Gains in fighting malaria in sub-Saharan Africa have increased the risk for the disease concentrated in 10 countries, revealed a study published on Wednesday by The Lancet medical journal.
Nigeria, Democratic Republic of Congo, Uganda, Ivory Coast, Mozambique, Burkina Faso, Ghana, Mali, Guinea and Togo together account for 87 percent of areas that have the highest prevalence of malaria, it said.
The study assessed the effectiveness of the battle against malaria, which went into higher gear with the launch of the Roll Back Malaria initiative in 2000.
Since then, financial support has risen from $100 million (73 million euros) annually to about $2 billion (1.46 billion euros).
The researchers drew up a map of the changing face of malaria from thousands of surveys of prevalence of the disease among children in 44 countries.
They set down three categories of risk: high, meaning places where more than 50 percent of the population were likely to be infected by the Plasmodium falciparum parasite; moderate (10 to 50 percent of the population infected); and low (less than 10 percent).
From 2000 to 2010, the number of people living in areas of high-risk infection fell from 219 million to 184 million, a decline of 16 percent.
But the numbers living in moderate-risk locations rose from 179 million to 280 million, a rise of 57 percent.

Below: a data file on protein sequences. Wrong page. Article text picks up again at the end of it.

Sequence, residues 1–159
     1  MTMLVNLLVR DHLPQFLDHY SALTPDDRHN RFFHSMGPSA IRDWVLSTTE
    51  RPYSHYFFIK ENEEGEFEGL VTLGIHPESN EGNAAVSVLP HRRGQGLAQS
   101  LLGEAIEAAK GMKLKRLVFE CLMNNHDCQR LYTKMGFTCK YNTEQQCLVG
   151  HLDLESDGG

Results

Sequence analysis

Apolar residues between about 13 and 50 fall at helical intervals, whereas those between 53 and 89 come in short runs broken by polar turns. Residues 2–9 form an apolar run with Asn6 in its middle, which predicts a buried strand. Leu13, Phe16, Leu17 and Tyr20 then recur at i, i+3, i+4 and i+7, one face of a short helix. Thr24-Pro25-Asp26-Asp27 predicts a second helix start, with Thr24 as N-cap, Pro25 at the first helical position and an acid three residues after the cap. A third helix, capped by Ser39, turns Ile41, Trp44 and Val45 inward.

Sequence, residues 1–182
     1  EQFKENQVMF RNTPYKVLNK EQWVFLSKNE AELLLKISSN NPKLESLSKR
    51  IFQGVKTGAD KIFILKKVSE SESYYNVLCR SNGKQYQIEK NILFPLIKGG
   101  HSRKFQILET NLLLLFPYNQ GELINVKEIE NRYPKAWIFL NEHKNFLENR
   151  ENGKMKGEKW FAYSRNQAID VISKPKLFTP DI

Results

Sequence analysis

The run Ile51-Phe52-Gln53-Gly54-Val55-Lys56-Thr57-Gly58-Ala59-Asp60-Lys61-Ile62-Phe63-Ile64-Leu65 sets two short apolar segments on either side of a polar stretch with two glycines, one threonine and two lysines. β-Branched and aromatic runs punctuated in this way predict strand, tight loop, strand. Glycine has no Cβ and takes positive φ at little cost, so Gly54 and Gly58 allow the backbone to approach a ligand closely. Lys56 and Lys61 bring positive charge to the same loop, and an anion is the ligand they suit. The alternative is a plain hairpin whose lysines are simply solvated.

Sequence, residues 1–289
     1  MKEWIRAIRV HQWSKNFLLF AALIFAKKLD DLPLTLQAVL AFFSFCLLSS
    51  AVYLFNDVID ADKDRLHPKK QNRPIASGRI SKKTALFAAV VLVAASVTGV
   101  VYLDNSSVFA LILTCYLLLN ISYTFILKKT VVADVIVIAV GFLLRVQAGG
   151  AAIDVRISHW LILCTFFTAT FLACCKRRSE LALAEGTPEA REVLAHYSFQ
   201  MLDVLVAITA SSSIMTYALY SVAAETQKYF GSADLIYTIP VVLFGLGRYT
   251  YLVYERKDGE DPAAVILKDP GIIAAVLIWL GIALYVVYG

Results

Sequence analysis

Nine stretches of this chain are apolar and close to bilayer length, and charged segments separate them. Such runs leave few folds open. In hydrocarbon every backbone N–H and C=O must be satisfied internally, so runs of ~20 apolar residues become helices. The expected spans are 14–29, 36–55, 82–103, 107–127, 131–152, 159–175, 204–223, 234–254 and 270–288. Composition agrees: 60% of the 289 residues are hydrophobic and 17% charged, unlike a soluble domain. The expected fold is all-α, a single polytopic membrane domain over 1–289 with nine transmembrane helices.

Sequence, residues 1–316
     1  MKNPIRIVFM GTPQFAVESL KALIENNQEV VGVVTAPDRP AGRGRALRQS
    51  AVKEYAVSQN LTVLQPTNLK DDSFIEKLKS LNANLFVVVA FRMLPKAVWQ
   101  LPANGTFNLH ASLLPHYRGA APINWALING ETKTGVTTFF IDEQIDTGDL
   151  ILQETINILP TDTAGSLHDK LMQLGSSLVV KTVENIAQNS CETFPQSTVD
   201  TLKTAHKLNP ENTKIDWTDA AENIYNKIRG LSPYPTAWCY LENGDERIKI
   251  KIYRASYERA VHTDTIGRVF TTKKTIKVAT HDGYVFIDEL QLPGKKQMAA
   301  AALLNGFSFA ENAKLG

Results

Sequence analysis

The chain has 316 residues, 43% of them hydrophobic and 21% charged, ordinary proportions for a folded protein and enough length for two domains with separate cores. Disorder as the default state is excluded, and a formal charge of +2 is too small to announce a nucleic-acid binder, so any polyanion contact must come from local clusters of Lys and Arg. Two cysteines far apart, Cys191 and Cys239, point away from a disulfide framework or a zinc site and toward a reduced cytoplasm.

The good news was that the tally of people living in low-risk areas rose from 131 million to 219 million.
Four countries -- Cape Verde, Eritrea, South Africa and Ethiopia -- joined Swaziland, Djibouti and Mayotte in the elite club of countries where transmission levels are so low that elimination of malaria is a realistic goal.
The researchers said the overall picture was mixed, and important gains had been partly offset by population increase -- over the decade, an extra 200 million people were born in places with malaria.
"Substantial reductions in malaria transmission have been achieved in endemic countries in Africa over the period 2000-2010," the paper said.
"However, 57 percent of the population in 2010 continued to live in areas where transmission remains moderate to intense and global support to sustain and accelerate the reduction of transmission must remain a priority."
In its 2013 report on malaria, the World Health Organisation (WHO) last December said 3.3 million lives had been saved worldwide since 2000.
Even so, the mosquito-borne disease still killed 627,000 people last year, mainly children in Africa and Southeast Asia.
The agency pointed to a shortage of funding and a lack of access to artemisinin malarial medicines and basic remedies such as bed-nets remained a serious problem, it said.